The news last week about Minnesota’s standardized reading scores reminded me how much I hate standardized tests. In my considered opinion, one-size-fits all standardized tests are the absolute worst tools I have seen for improving education.
Except for all the other options available to us.
Before explaining my Churchillian verdict on standardized tests, I should mention that I was a very poor standardized test taker back in the day. When I should have been answering questions, I tended to be thinking about why they asked the question…or why they used that particular wording…or what kind of deductive mind games they were trying to play…or what kind of test scores Charlie on Charlie’s Angels got in order to land that awesome job…or what is so special about #2 pencils for chrissake…or why the cute girl three rows over would never be interested in a guy like me, or why… And then when they announced there was one minute left before our life’s course would be charted by optical mark recognition equipment, I would guess “C” on the large portion of the test that I had not yet read.
Maybe that shows that I had an attention deficit disorder. Maybe it means I was analytical, creative, intellectually curious, hormonal, or moronic.
Psychoanalysis aside, this was not a winning strategy for me. It also wasn’t a winning strategy for the institutions who wanted an honest assessment of my likelihood of success. Because I turned out to be a “late bloomer,” someone who wasn’t predicted by the optical recognition scanner to succeed in academics or a white collar career, but did.
Given my personal experience, you would think that I’d want to ban standardized tests. I’m sorely tempted. But at the same time, I do think that K-12 schools need to be intentional and disciplined about teaching the foundational skills most of us need to succeed. I do want to keep kids away from teachers and schools who can’t or won’t teach those things. I do want to measure student performance in order to incent individual and institutional improvement, empower parents to vote with their feet, and target early help to kids who are falling behind.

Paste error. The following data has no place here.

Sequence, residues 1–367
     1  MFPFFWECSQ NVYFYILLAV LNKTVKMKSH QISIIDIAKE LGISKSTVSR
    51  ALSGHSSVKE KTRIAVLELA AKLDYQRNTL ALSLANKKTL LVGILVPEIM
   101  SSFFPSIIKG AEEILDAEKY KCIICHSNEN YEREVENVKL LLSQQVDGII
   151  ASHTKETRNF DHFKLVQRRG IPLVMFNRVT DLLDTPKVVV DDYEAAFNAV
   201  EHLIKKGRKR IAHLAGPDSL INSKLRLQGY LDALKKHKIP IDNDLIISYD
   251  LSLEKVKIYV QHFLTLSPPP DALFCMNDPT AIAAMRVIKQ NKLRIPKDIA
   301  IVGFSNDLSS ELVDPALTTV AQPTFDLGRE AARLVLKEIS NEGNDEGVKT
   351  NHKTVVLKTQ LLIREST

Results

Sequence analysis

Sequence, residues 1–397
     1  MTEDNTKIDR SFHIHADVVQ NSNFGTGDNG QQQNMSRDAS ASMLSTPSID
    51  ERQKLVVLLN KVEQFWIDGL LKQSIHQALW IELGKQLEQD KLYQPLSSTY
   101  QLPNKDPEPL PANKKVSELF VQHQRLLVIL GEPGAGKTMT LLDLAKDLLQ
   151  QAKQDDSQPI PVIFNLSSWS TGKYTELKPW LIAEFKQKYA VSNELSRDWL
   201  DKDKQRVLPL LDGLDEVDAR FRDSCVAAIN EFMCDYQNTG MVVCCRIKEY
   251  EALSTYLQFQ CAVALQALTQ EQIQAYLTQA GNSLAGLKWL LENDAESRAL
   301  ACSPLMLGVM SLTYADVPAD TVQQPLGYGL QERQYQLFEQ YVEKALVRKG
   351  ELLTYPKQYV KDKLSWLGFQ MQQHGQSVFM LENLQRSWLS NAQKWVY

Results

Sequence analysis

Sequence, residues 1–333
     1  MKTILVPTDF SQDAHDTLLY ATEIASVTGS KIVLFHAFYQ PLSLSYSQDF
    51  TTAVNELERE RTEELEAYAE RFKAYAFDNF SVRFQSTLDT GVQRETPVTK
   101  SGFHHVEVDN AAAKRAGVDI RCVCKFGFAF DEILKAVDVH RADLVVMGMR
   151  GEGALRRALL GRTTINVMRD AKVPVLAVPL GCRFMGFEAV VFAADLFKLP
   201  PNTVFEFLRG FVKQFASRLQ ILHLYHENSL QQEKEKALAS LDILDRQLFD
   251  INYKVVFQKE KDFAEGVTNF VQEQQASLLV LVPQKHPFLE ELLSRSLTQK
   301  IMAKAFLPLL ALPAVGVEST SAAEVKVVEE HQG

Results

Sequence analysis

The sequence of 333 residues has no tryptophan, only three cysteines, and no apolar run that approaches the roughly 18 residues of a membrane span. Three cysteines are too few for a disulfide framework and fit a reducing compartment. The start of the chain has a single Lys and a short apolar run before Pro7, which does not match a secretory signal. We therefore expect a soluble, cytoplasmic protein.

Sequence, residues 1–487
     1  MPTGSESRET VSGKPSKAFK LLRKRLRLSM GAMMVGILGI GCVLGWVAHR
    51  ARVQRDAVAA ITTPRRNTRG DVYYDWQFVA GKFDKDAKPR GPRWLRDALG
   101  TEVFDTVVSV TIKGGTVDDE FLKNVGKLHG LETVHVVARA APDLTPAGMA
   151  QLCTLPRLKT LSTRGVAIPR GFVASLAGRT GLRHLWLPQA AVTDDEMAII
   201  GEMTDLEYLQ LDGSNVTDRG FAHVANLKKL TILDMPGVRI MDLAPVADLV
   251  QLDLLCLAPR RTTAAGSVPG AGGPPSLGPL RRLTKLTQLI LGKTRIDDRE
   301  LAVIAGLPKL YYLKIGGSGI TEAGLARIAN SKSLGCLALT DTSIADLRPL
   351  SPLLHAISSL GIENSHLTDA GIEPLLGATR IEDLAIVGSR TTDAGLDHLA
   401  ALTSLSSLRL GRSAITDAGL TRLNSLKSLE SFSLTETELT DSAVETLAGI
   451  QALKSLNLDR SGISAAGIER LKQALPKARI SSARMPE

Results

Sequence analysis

And I can’t figure out how to achieve those things without standardized tests. Maybe those of you who got kickass standardized test scores can figure that out, but I can’t.
At the same time, I agree with those who say we need to weigh test results with an understanding that some teachers have much more challenging teaching assignments than others. And of course, we should eliminate duplicative testing and continually improve the testing tools to make sure they aren’t biased, and measure what they’re intending to measure. I’m in complete agreement with those who say we need to also teach subjects not covered on the tests, such as art, music, logic, economics, social studies, foreign languages, literature, communications and others. And yes, I realize that my “all of the above” education strategy will cost more. Send me a bill; I’ll enthusiastically pay my fair share.
But as much as I loathe the standardized test scores that nearly made a sanitary engineer out of me, I honestly just can’t think of a better way to solve these difficult problems. In other words, I’m still guessing “C.”